As Seaside schools embark on a plan to move endangered schools out of the tsunami zone, school district officials, business and community leaders and others launched the first step in the development of a multiyear strategic plan.
Under the direction of Colonna, principal of Colonna Strategic Planning Services, based in Bend, the district approved the $15,000 cost for the plan in December, to be paid out of existing areas of the budget, including the district’s professional training budget, Superintendent Sheila Roley said.
“The board members met as a group with Jerry Colonna and he took us through his process of developing the strategic plan for the district,” Seaside School District Superintendent Sheila Roley said at the Tuesday, March 20, meeting of the district’s board of directors. “He took us through the first phase of the process. Our first ask was to have teachers, principals and community members generate questions for members of the community.”
The district held open forums and focus groups districtwide.
“We were just listeners,” Roley said. “It was really wonderful. We had everywhere from two to 20 in the groups.”
One-hundred-eighty people responded overall, she said.
The March report is a summary of those sessions, she said, intended to present the core beliefs of the community and our school community — “what can they look forward to from our district,” Roley said. “Some themes emerged: People really value the things we do well.”
She said respondents offered “lots of compliments on the quality of our staff and our board, and in general the operations and personnel.”
The district looks at students as individuals, she added. “It’s not one-size-fits-all. People also recognize the importance of our extracurricular activities like athletics, arts, and other activities.”
Focus group participants showed concerns about raising graduation rates absenteeism, standardized testing and developing “real-world skills,” from balancing a checkbook to buying car insurance.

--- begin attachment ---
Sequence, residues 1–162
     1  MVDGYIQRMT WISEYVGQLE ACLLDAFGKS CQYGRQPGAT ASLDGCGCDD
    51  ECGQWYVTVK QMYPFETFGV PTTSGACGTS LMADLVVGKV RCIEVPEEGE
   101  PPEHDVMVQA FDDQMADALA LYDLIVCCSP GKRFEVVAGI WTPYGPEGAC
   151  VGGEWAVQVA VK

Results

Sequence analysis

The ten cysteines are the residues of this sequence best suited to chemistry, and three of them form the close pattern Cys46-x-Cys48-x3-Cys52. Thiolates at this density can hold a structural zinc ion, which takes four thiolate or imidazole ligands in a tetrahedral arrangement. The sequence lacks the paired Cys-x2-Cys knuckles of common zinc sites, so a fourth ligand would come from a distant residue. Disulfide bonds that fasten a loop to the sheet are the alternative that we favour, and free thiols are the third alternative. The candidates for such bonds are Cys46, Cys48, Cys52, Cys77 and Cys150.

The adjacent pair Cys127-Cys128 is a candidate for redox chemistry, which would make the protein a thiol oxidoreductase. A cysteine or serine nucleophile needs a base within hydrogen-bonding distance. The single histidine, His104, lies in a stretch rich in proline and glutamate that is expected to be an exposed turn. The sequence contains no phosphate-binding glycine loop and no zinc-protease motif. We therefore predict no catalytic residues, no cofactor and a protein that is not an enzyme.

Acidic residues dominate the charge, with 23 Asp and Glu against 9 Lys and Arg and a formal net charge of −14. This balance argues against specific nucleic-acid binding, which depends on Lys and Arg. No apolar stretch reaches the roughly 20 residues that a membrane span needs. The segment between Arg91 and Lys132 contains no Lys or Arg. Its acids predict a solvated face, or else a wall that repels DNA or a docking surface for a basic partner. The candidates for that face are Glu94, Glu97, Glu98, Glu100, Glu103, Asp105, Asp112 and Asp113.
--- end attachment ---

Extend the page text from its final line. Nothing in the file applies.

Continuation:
Improvements also sought stronger guidance programs, more focus on academics and safety and security improvements.
Main indicators of success as described by respondents included up-to-date technology, an understanding of how education is tied to future success and sharing schools.
“Interestingly, most of those comments are not about academics,” Roley said. “You know kids are successful if they love fifth-grade loving school and wanting to come back, or knowing how to advocate for themselves. … People see our role as being very holistic in the community and are not an organization that lives in isolation.”
The goal of the strategic plan is to take the district “to the next level of effectiveness,” she added.
Since approval by the school board, students, teachers and others have registered input in focus groups and online. “The focus group comments will help form district core values and beliefs,” Colonna wrote in his report. “The core values and beliefs will create a foundation for the plan’s mission, vision, goals and performance indicators.”
Mark Truax, a member of the planning committee, said the process is “going well.”
“It’s really interesting,” Truax said. “It’s kind of a slow pace, but it’s what needs to be done. It’s the kind of project that needs to be step by step and kept on task.”
Completion of the strategic plan is expected by November.